On Mon, May 2, 2022 at 3:45 AM fceska_gr via <> wrote:

Böhme and her team are using the savannah like conditions of southern Greece as an argument that bipedalism arose on European savannah, thereby trying to reinvoke the savannah hypothesis in a new format, but they also write extensively about the clear evidence of water in the region without attributing it at all to hominin adaptations. Based on their papers and her book, I've written:


Graecopithecus freybergi, aka “El Greco”, is known from a mandible specimen found in 1944 near Athens, and a single fossil tooth found in Bulgaria in 2012. Graecopithecus lived approximately 7.1 – 7.3 million years ago at the beginning of the Messinian age, or the Tortonian-Messinian boundary.  It has some similarities with Ouranopithecus, enough for some to classify it as a sister or daughter taxon, but there are enough differences to justify giving it its own niche.  The jaw fossil shows that Graecopithecus had relatively small canines with shorter, more convergent roots, which is a characteristic of humans but not of great apes. The roots of chimpanzee canines are more splayed.

It has been suggested that El Greco might represent the last common ancestor of chimpanzees and humans, or even perhaps the first human ancestor after splitting from chimpanzees, and this despite the fact that it lived in Europe instead of Africa. Jochen Fuss from the Seckenberg Centre for Human Evolution and Palaeoenvironment, Tübingen, Germany, Madelaine Böhme of the University of Tübingen, and David Begun, authors of the Graecopithecus study paper, believe that El Greco provides enough evidence to consider that gorillas, chimpanzees and humans may all have diverged in Europe and each migrated to Africa separately. Certainly, the evidence suggests that Graecopithecus was closer to hominins than Ouranopithecus: “We present evidence that Graecopithecus shares derived characters with hominins not found in Ouranopithecus. The most parsimonious interpretation of this distribution of characters is that Ouranopithecus predates the divergence of hominins and Graecopithecus.”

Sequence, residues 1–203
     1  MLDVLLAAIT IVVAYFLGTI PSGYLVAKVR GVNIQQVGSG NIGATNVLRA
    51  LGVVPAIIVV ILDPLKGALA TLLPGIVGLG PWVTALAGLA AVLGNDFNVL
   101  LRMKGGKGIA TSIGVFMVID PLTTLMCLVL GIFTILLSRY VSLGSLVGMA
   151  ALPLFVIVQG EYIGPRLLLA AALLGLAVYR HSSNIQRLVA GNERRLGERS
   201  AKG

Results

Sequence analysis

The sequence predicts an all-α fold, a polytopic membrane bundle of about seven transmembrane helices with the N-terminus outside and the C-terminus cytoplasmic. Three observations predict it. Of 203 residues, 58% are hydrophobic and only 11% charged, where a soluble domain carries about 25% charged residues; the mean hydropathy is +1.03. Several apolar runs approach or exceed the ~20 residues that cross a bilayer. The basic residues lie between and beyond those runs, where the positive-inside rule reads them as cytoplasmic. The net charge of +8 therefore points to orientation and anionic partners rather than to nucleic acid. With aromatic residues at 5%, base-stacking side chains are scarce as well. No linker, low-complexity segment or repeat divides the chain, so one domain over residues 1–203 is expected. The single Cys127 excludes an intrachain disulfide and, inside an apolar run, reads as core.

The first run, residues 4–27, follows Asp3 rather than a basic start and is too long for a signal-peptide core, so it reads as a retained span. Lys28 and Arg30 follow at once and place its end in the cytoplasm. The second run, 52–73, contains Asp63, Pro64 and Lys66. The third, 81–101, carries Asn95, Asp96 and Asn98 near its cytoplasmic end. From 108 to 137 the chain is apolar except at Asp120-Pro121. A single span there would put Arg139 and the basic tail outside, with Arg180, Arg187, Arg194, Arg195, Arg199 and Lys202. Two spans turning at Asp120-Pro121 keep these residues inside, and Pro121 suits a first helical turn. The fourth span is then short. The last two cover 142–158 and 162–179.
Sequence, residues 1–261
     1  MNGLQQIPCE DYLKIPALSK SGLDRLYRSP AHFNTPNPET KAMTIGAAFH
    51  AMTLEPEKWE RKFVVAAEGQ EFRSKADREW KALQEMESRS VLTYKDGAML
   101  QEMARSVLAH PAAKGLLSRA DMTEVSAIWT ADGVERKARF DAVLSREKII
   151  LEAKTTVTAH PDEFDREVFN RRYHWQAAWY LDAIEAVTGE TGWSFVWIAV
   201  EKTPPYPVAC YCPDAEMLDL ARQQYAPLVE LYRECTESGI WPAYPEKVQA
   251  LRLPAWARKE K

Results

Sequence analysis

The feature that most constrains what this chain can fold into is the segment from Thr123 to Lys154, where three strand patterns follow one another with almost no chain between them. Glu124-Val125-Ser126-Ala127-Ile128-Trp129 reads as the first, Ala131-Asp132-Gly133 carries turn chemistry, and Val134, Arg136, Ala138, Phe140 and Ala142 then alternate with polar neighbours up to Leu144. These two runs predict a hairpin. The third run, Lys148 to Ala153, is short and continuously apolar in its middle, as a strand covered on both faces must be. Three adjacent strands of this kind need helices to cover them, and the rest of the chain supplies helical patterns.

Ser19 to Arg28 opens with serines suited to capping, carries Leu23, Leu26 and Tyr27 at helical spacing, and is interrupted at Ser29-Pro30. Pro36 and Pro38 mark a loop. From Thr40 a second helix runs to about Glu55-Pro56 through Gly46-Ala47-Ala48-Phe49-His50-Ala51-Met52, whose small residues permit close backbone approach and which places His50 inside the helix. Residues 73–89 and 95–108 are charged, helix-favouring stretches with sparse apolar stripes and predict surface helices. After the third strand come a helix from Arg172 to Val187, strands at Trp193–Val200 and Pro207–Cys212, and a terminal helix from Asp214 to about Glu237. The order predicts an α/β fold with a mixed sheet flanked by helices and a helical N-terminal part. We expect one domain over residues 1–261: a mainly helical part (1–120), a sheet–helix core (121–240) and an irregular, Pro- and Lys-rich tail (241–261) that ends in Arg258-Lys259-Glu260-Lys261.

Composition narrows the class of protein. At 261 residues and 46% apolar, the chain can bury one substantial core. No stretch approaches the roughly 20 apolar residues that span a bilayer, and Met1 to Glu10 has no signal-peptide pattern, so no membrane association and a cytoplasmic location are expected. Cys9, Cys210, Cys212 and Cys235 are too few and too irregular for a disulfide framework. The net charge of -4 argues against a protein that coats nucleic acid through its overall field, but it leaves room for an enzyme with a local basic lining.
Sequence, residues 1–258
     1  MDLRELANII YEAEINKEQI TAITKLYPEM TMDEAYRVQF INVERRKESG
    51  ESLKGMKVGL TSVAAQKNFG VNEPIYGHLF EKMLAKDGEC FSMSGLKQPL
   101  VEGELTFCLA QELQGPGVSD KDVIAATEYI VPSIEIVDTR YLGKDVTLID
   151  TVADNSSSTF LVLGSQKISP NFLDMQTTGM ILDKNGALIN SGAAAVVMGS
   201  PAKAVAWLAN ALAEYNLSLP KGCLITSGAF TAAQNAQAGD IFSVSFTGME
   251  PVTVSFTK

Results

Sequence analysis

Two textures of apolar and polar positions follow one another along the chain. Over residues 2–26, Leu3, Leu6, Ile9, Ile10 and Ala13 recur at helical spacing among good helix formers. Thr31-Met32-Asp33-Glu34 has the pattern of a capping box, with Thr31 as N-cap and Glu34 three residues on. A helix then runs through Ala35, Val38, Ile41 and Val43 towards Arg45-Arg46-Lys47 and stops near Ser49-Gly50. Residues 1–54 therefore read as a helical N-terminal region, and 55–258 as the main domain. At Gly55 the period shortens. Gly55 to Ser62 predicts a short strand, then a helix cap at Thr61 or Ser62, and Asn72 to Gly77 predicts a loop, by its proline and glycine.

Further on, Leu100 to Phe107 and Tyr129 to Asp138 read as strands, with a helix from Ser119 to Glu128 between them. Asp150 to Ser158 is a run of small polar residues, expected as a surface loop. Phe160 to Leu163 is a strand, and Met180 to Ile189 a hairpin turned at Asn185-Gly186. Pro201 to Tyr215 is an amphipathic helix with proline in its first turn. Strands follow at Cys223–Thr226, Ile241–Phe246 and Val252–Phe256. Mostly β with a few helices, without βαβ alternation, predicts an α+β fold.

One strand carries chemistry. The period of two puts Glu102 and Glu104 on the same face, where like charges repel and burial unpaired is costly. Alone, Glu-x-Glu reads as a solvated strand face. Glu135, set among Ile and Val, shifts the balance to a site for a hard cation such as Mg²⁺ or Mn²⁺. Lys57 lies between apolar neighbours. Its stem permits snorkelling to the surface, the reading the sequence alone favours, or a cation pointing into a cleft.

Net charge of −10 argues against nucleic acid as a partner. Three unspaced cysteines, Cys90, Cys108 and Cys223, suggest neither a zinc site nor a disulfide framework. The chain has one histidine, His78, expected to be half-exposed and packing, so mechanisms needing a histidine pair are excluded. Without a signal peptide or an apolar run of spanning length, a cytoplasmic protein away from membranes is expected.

In her book, Ancient Bones, Madelaine Böhme describes the environment that Graecopithecus likely inhabited. The single tooth from Bulgaria was found in the Upper Thrace Basin, which was filled by fluvial sediments, indicating a heavy water content. El Greco’s fossil jawbone was found at Pyrgos, Vassilis, in the Athens basin, surrounded on three sides by mountains and the coastline of the Saronic gulf to the south. It was lying about 1650 feet west of the paleo Kifissos river, which would have collected all the rainfall from the mountains and carried it out to the sea. In Pyrgos, Böhme’s team observed coarse gravel where the bones were found indicating that the Kifissos River at one time ran through that area before changing course. Signs that a large body of water, perhaps a lake, had once existed there were seen in the stone layers. Stratigraphic analysis of the rock layers shows that water ran throughout the basin for many millions of years. Numerous springs would have bubbled out of the surrounding limestone rock, and braided streams would have meandered across the basin to join the river on its way to the sea. During rainy periods there was so much water that much of the area would have been swampy marshland, with up to 24 inches, 600 litres per m2 falling per year in winter and spring, up to 33% more rainfall than today, while in the summer, the marshes would have dried out and encouraged savannah conditions.